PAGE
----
Portsmouth family facing ‘very scary time’ as 15-year-old fights eating disorder anorexia warns: ‘look out for the signs’

A FAMILY at ‘crisis point’ as their teenage daughter fights towards recovery from her eating disorder is sending out a plea to other parents to ‘watch out for the signs’.

Tuesday, 17th May 2022, 4:55 am
Updated Tuesday, 17th May 2022, 7:07 am

Mia Remnant, a 15-year-old from Paulsgrove, was diagnosed with anorexia two years ago.

Desperate to help her recover from the illness, Mia’s family have set up a GoFundMe page to raise enough money to get the teenager the support she needs.

Anthony Remnant, 40, Mia’s dad, said: ‘Things have just hit as low as they can go before the very worst can happen.

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Sister Lily, brother Luke, and Mia.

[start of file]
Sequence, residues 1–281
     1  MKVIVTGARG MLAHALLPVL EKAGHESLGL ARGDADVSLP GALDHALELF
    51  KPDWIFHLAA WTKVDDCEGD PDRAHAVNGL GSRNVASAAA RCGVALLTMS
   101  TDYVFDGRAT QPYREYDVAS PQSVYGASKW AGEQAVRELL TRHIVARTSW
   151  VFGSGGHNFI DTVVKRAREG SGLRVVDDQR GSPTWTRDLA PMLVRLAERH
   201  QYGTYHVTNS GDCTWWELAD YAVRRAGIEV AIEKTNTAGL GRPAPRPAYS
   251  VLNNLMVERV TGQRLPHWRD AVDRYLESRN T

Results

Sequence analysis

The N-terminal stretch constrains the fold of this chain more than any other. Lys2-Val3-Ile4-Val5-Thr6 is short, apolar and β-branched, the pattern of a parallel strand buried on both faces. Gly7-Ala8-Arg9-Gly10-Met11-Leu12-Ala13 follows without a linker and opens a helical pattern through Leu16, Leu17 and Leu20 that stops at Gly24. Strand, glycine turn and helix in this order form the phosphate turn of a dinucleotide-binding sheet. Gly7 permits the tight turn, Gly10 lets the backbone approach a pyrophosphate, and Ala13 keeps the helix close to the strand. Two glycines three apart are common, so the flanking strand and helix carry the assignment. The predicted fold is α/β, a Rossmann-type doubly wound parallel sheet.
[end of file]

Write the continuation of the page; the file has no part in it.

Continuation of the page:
‘Her body is in starvation mode and her brain, heart and organs are starting to eat themselves.

‘The doctor at the hospital said she's the illest she's ever seen for her age.

‘It’s a very scary time.’

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Despite the severity of Mia’s illness, the family have struggled to get her the help she needs.

Anthony added: ‘We just really want to raise as much awareness as we can about teenage mental health and eating disorders as right now the state of the situation is unbelievable.

‘The help - as in the help that works and is available - just isn't there.’

While Mia has been supported by CAMHS for two years, Anthony says that the service has been helpful but ‘understaffed’, and that ‘the training’s not there’.

Mia Remnant, who is 15 years old.

He also feels ‘let down’ by the health service – particularly QA Hospital, which sent Mia home despite her condition.

Mia told The News: ‘It makes me feel just let down, like I’m just a number.

‘It never seems like anyone truly wanted me there.

‘They made me feel like I was wasting their bed. It’s been very confusing and misleading.’

Sister Lily, dad Anthony, and Mia.